While Daniel Miller's review of my book was quite favourable, I don't think
he's quite captured the nuance of my argument regarding Jerusalem. Let me
Firstly, the main reason I argue BYTDWD is a toponym for Jerusalem is not
the absence of a word divider (though that is supporting evidence). Rather,
it is the use of the phrase Bit-PN in other inscriptions of similar genre.
While the construction "Bit-<dynastic name>" is quite common, nowhere is
anyone called the "king of Bit-<dynastic name>" (this would be a bit like
saying "Queen of the House of Windsor" rather than "Queen of England"). This
is what makes me think that BYTDWD should be taken as basically a single
lexeme referring to a place, and the absence of a word divider accords with
Secondly, my argument was not that archaeology proves that the biblical
claim of a bustling metropolis in the days of David and Solomon are
inaccurate. Rather, archaeology suggests that Jerusalem was not such a
metropolis when David conquered it, and neither does the biblical text --
both seem to be in accord. Careful analysis of the biblical text itself
shows that David conquered a fortress, not a metropolis, and gave this
fortress the name "City of David". The text then describes some building
activity in a way which implies there was not much there to begin with. This
building program may not have amounted to much (the real extent of it can
only be detrermined at the archaeologist's spade), but it seems to have made
an impression on the inhabitants who probably had little experience of large
urban conglomerations. We, as modern readers influenced by medieval and
renaissance thought and art, have imposed the idea of a massive metropolis
onto ancient Jerusalem. But it's not really there in the text, and it
remains to be seen whether it ever really became one before Hezekiah's day.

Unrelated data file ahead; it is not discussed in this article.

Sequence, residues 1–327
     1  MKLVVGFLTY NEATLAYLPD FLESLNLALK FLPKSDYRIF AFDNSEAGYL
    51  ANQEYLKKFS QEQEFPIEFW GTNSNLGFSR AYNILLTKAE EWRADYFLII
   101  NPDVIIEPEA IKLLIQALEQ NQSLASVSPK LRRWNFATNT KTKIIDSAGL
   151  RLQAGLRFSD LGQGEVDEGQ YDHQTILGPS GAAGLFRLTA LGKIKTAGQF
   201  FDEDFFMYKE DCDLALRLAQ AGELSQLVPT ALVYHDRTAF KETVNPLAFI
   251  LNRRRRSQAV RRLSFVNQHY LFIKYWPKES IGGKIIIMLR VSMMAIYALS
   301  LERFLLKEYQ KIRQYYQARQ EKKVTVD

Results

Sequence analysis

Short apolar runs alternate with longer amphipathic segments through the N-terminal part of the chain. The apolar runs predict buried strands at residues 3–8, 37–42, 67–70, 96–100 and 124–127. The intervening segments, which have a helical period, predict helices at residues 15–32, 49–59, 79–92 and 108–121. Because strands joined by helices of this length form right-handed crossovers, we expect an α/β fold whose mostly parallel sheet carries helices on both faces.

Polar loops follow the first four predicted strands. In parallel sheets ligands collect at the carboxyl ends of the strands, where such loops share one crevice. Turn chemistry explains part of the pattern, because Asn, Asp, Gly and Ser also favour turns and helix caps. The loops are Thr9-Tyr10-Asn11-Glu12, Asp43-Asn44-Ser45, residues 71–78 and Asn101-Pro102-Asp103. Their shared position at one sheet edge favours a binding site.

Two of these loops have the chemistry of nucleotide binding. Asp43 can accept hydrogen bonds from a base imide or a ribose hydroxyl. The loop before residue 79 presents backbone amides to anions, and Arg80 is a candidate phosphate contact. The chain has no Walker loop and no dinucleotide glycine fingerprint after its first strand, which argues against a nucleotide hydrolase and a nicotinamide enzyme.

More telling, however, is the idea that the united monarchy was really a
'flash in the pan', since it quickly disintegrated. After all, how could
such a small state entity hold onto such territories for a long time? The
'flash in the pan' was probably attributable more to the personality of
David than state machinery. Yet, it was this 'flash in the pan' which set
the tone of Davidic ideology, and why the name of David creates such a
resounding echo (cf. Cyrus the Great, whose gains would have all been lost
in the numerous revolts of 522-520, had it not been for Darius' quick
victories; cf. also Alexander the Great). For a brief period, the United
Monarchy seems to have encapsulated an ideal state of affairs (one king of
Israel and Judah in a centralised location with the approval of almost all
involved), and this formed the backbone of later attempts to emulate it (cf.
Hezekiah? Josiah; post-exilic Jerusalem). I have little doubt that the
Davidic kings claimed extensive sovereignty based on this 'flash in the pan'
which served as the canon of Davidic thinking. However, after the quick loss
of this ideal state, the sovereignty of the Davidides was probably
significantly less in actual terms before the time of Hezekiah.
In this regard, we could think of Jerusalem as an ancient analogy to the
current Vatican -- once with extensive land holdings (though only for a
brief time in the case of Jerusalem), then reduced to a petty state, but one
to which most accorded at least token respect. There are a number of points
where this analogy might fail, but such is the nature of analogies (if they
were perfect, they would no longer be analogies).
In terms of the wall recently found, if it dates to the era of the United
Monarchy (the dating of which has its own hazards), then that's great. But
all it would prove is that Jerusalem was a fortified hill. We would also
need to consider the length of its course in order to clarify how big the
fortification was, how it compares with the strata below and above it, as
well as what other installations were around it.
To summarise: David appears to have conquered little more than a fortress in
Jerusalem. There was some building activity after this, the extent of which
remains to be seen. But between David and Hezekiah, the rulers of Jerusalem
claimed sovereignty over more than they seem to have had actual influence
over, precisely because their ideology stemmed from a brief ideal situation
which was quickly lost.
I hope this clarifies some things.
Moore Theological College (Sydney)
1 King St, Newtown, NSW 2042, Australia
Ph: (+61 2) 9577 9774
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